The idea of swapping employment rights for shares in a company may sound like a great deal to some people; in particular those without dependents, or who feel completely secure in their jobs.
The unions say that this is some kind of devil’s pact – and that no amount of equity is worth trading your right to work. George Osborne, who announced this yesterday, would obviously disagree.
But the idea raises some other, more technical, questions.
Firstly, public understanding of shares is not – in general – very deep.
Those who do understand equity markets are familiar with large, listed companies where (bar a few exotic overseas listings) there is both a] liquidity and b] transparency.
If you are given shares in, say, Marks & Spencer, you can see what the dividend yield (income) will be for the current year. You can sell those shares during any working day. And there is a clear system for telling you what price you will get for the stock.
So too for even the most piddling listed company.
But for a small, unlisted company – your typical start-up enterprise – none of this applies.
There is no liquidity and next to no transparency. In the government’s hypothetical situation, you receive from £2,000 to £50,000 of shares in your company. In return you give up the rights on unfair dismissal, redundancy, flexible working, time off for training. Women would have to provide 16 week’s notice of a firm return from maternity leave, instead of the usual eight.
What could an unscrupulous entrepreneur do to limit the value of those shares, rendering them next to worthless? Professional accountants with greater tax knowledge than myself would be able to structure companies in that sort of way.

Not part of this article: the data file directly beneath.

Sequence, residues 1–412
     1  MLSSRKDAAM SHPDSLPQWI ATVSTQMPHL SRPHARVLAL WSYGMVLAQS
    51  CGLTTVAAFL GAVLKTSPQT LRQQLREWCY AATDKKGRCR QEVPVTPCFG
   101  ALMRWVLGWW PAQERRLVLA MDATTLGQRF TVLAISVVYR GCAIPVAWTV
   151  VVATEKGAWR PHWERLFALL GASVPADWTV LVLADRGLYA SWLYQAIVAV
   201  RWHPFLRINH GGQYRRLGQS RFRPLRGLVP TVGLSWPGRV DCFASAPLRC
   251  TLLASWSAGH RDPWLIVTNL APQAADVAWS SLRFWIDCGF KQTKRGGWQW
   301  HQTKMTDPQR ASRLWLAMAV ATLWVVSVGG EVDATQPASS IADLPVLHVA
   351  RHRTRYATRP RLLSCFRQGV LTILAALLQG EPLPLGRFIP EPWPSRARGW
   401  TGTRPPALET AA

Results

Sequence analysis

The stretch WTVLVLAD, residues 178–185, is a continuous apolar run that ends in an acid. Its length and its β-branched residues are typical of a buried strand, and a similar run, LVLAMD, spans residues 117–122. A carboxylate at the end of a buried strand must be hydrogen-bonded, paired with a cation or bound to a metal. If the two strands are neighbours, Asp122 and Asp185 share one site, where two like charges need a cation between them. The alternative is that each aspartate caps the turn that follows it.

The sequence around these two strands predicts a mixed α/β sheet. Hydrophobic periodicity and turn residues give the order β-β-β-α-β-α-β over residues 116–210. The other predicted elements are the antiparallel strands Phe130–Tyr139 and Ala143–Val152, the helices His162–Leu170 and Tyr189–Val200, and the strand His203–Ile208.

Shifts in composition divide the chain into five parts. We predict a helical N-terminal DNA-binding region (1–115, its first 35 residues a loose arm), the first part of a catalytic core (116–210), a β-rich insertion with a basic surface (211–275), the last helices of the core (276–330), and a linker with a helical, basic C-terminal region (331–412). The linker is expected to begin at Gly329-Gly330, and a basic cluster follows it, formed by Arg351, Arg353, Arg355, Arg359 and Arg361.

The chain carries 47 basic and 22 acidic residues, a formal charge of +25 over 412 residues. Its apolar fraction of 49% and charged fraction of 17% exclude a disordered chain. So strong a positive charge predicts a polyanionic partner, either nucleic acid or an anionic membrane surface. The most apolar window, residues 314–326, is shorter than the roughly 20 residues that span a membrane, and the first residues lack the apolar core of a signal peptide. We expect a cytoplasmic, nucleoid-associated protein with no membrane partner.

But here are a few thoughts.
1] The founder could double or triple his salary and perks. That would push down the company’s profitability, meaning that the shares may pay little or no dividend.
2] The founder could lend the company money (perhaps from his own offshore entity) at an exorbitant rate, say 12 or 15 per cent. That would again push down profitability so that the shares would have no yield.
3] The founder could make large profits in the company but insist on re-committing them to capital investment rather than distributing them to shareholders. Again, no yield.
Aha – you might say. Shares are not just about income. They are also about capital growth. (More so, arguably). When the company is sold, or floated, there would be a bonanza for the employee-owners.
But how many companies end up on the stock market? A tiny, tiny minority. Others may be bought by private equity or a bigger rival; then there could also be a windfall for shareholders. If your little company is the next Google or Facebook then this perk would change your life forever.
That will not be the case for many, probably the majority, of companies, however; in which case there may be little or no way for shareholders to sell out.
Theoretically they could sell their shares to colleagues. More likely the only buyer would be the founder; in which case he would be able to offer whatever price he liked.
(A Treasury aide tells me that there are already official rules governing the pricing of shares in unlisted companies: but that doesn’t mean there will always be a buyer at any price.)
In the case of someone being fired (without warning of course) they would not be in a position to argue that their shares are worth more than they are being given for them.
The Tory right would argue that this is grossly cynical and that this is the perfect tool to align the interests of both workers and management: but the proof will be in the pudding.